What causes the IRS to sue you to collect unpaid taxes?
You may not realize it, but most every effort the IRS will make to collect a tax debt from you will be done without suing you.
For example, no court filings or lawsuits are necessary for the IRS to levy your wages or bank account wages.
And the IRS can place a lien on your house or business on their own, no judge, jury, lawsuit or outside court review necessary.
How about the authority of high-level IRS collection agents, like Revenue Officers? Do they need to sue you to take your car, retirement account, or business equipment?
IRS Revenue Officers have far-reaching powers of enforcement, including making an unannounced visit your house or sending a letter for you to appear at an IRS office for an interview, all without the need for any court approval. They can take your car, wages, retirement account or business equipment without the need to sue you first.
This is different most other creditors (like credit cards companies or banks) who need to sue you with a lawsuit and secure a court judgment before they can come after you. The IRS just needs to send you some collection letters from their computer before they can have at it, rarely needing the approval of a judge or court.
But just because IRS collections does not need to sue you in court with a lawsuit does not mean they can’t, or that they won’t.
They can, and in the right situation, they will.
If you have an unpaid tax debt, the IRS can file a lawsuit against you in court if (1) they want to sell your house or (2) they want to get more time to collect the taxes from you.
Here’s what you need to know about each possible IRS court action to sue you:
1. The IRS wants to seize and sell your house.
Unlike taking your wage or bank accounts, the IRS cannot sell your house to pay a tax debt without suing you first, and getting a judge to grant a court order permitting the sale. And that’s a good thing – Congress has decided that houses are just too important for the IRS to take without an intervening court process first.
The good news is that not every taxpayer who owes the IRS is money is at risk to have their house seized and sold by IRS foreclosure. To begin with, there must be equity in your house.
For example, if your house is worth $150,000 and you owe $150,000 on it to your bank, an IRS seizure and sale would only result in your bank getting paid. Tax laws prevent the IRS from taking a house (or any property, for that matter) when there is no recovery or benefit to them. The IRS should not sue you to take your home when the equity will not result in recovery to them.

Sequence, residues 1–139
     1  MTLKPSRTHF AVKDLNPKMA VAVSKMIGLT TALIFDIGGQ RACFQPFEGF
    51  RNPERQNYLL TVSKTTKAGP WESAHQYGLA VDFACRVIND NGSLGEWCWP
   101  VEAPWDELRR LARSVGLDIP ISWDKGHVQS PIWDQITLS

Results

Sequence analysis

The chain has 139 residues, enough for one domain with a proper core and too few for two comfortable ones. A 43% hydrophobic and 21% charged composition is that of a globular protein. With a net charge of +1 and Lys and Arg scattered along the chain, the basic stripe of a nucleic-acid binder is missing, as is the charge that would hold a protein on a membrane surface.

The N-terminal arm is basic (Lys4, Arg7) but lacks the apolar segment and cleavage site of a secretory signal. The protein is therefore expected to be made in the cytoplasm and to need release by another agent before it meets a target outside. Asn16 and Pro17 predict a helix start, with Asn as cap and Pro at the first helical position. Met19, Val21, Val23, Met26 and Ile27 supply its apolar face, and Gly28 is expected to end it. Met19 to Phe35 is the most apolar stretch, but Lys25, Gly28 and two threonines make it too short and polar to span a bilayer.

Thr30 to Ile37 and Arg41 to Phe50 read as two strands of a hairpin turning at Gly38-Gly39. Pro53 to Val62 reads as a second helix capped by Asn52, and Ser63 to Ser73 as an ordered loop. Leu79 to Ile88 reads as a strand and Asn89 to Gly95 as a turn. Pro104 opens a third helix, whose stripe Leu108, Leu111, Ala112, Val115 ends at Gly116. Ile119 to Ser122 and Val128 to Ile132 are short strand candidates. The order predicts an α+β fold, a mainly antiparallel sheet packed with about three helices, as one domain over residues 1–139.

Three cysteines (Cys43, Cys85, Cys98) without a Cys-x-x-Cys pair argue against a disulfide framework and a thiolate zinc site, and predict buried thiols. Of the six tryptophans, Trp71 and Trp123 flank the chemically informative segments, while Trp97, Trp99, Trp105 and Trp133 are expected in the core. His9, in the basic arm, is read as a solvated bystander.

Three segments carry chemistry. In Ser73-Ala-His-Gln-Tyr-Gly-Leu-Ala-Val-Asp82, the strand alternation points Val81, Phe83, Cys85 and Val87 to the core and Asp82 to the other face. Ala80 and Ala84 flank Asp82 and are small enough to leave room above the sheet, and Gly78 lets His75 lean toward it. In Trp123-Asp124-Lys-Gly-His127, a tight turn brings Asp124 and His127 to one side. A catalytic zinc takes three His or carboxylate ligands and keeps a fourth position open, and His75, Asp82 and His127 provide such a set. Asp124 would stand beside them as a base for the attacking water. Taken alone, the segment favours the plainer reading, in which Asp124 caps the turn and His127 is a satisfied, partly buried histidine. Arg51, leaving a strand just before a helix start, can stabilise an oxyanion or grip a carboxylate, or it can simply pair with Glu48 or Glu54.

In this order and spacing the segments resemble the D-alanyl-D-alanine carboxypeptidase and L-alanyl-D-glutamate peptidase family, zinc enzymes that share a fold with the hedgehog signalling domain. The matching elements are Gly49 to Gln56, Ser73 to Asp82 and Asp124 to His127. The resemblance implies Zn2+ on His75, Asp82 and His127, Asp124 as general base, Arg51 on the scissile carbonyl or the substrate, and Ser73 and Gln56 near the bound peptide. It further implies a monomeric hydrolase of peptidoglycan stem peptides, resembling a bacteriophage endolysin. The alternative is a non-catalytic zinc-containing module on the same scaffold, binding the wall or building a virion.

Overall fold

2. The IRS wants more time to collect the taxes from you.
The IRS collection of most every tax debt will eventually come to an end. That’s because the IRS is limited by law in how long they can pursue you.
The IRS time frame to collect a tax debt is 10 years, starting the day the IRS puts your balance on their books. This is called the IRS statute of limitations on collection.
For example, IRS collection of a 2004 tax debt stemming from a tax return filed on April 15, 2005 would end in April, 2015 – 10 years after the IRS received the return and put the balance on its books. After the 10 years is up, the IRS gives you a credit for the amount that they did not collect, and clears your account balance to zero. You are done with the IRS when the 10 years ends.
But the IRS can get more time to pursue you past 10 years. To do so, tax laws permit the government to file a lawsuit against you in U.S. District Court and request that the court grant them an additional 20 years to collect.
That’s right, 20 more years if the IRS decides to sue you.
Like the IRS seizing and selling your house, lawsuits to extend the statute of limitations on collection are somewhat rare. The IRS does not do this on every tax case it has in its collection inventory – it is somewhat picky in that regard.
The IRS usually looks for a combination of factors that would benefit it from getting more time. Those factors include a taxpayer having an asset that the IRS cannot collect from now but could later (within an additional 20 years). This could include an inheritance or retirement account.
Also, the IRS is usually looking for a significant balance owed before filing a collection lawsuit. Owe the IRS $50,000? You are likely not under any significant risk to be a defendant in an IRS lawsuit. If you owe the IRS $500,000, the risk increases.
Just because the IRS does not usually sue taxpayers to collect a tax debt does not mean they cannot. It just means they usually choose not to. And that, of course, is because the IRS has sufficient administrative power to act on their in most every collection enforcement case. But when negotiating with the IRS, it is important to know all the tools the IRS has at its disposal and how to respond, including lawsuits to collect.